Good day to you all, Finn McCool, the Magic Leprechaun Cat, here to welcome you to my Story Blog. It is an honor and a pleasure for me to introduce you to a wonderful Irish-American lady and my dear friend, Alyce Whelan. Alyce told me this wonderful story about her two cats, George, and a very special ginger tabby she named Phantom. A fine writer in her own right, I have invited Alyce to share her story here with you. Magic Leprechaun Cats come into the lives of humans in need of comforting, love or companionship. Perhaps Phantom is one of them.
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The minute we saw the farm, we knew it would be just perfect. Located about five miles out of the city, on a country road not yet marred by tract-home developers, it had the kind of rural beauty we were looking for, and the peace that the suburban neighborhood where we lived could not provide. We were ready to breathe again in the presence of pure Nature, and find purpose in connecting with the land.
The farmhouse was a modest size, mellowed by its years. Having embraced its occupants, it seemed reluctant to see them move on, though it might have known they had reached a time when the farm work had become too much for them.
Over the years, they had cultivated and cared for several acres of filbert, walnut, and fruit trees. Dozens of flowering shrubs, a lovely rose garden, and massive oak trees for shade clearly showed the love these people had for this land. We were to be the benefactors of this love.
There was another gift that would be ours, though no experience we’d had previously would prepare us for it.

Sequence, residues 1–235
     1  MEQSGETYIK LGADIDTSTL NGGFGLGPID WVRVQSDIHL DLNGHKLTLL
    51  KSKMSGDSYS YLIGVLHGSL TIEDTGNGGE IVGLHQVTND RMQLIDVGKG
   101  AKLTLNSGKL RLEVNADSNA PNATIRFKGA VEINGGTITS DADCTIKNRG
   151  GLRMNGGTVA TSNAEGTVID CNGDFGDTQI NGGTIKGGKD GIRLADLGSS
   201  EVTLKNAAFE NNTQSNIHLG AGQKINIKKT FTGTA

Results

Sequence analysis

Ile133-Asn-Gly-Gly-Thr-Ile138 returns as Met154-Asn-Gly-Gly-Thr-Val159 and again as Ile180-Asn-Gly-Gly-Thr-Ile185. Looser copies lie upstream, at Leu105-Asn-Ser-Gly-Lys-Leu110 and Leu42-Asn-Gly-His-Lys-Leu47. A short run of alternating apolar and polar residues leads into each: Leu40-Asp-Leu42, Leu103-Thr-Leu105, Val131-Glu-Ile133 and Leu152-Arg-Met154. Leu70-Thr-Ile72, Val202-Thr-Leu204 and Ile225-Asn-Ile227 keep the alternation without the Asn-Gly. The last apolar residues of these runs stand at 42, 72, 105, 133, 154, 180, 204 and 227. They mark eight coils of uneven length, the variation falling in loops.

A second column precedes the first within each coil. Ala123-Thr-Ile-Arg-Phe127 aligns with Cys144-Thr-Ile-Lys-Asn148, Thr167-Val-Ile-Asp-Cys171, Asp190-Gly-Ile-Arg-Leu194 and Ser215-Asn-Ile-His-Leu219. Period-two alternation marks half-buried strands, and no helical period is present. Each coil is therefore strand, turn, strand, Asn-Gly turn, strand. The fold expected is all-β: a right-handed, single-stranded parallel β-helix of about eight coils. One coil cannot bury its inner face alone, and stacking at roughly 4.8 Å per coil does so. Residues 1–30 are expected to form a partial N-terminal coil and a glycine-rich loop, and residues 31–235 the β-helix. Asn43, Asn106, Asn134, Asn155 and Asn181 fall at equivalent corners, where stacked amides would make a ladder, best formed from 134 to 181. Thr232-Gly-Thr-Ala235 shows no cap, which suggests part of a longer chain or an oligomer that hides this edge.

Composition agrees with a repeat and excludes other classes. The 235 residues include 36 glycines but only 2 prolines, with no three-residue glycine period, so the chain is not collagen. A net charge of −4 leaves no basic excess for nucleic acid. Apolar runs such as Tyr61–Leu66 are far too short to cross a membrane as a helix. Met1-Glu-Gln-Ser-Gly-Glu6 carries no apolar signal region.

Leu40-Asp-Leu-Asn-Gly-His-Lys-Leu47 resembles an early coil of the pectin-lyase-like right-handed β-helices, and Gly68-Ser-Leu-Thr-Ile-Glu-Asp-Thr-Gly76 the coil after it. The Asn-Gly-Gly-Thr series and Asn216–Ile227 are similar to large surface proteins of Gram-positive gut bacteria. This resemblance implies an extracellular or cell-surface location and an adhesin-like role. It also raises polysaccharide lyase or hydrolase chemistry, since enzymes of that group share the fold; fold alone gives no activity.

Moving day arrived. As we were having our final meeting with the sellers on the deck, we were surprised to see a friendly gray tabby cat sidle-up to us.
“Oh, by the way,” spoke the farmer, “This is George. He’s an old fella, and has always been here with us. We didn’t have the heart to transplant him to our new town place. He’d never be happy there.
“One time,” the farmer continued, “we tried to take George to another home along the highway here, but he quickly found his way back home. It was a long trek for him, but with that need and determination, there was nothing we could do but welcome him back. Now he’s yours, just part of the deal. Hope you don’t mind.”
Of course we didn’t mind! We loved animals, and our hearts embraced him on the spot.
Then the farmer spoke again. He said, “Oh, and there’s another kitty. A barn cat, that won’t let people near her.
“She’s spooky and fearful,” he said, “because the day we chose to spay her, she knew, and did all she could to elude us. Finally, we caught and caged her. Her resignation was painful to watch. It was then her resentment was born. We could never get near her again.
“She’s a pretty girl,” he added, “yellow and white, healthy and aloof. She’s also yours now, but at least she won’t be another mouth to feed.”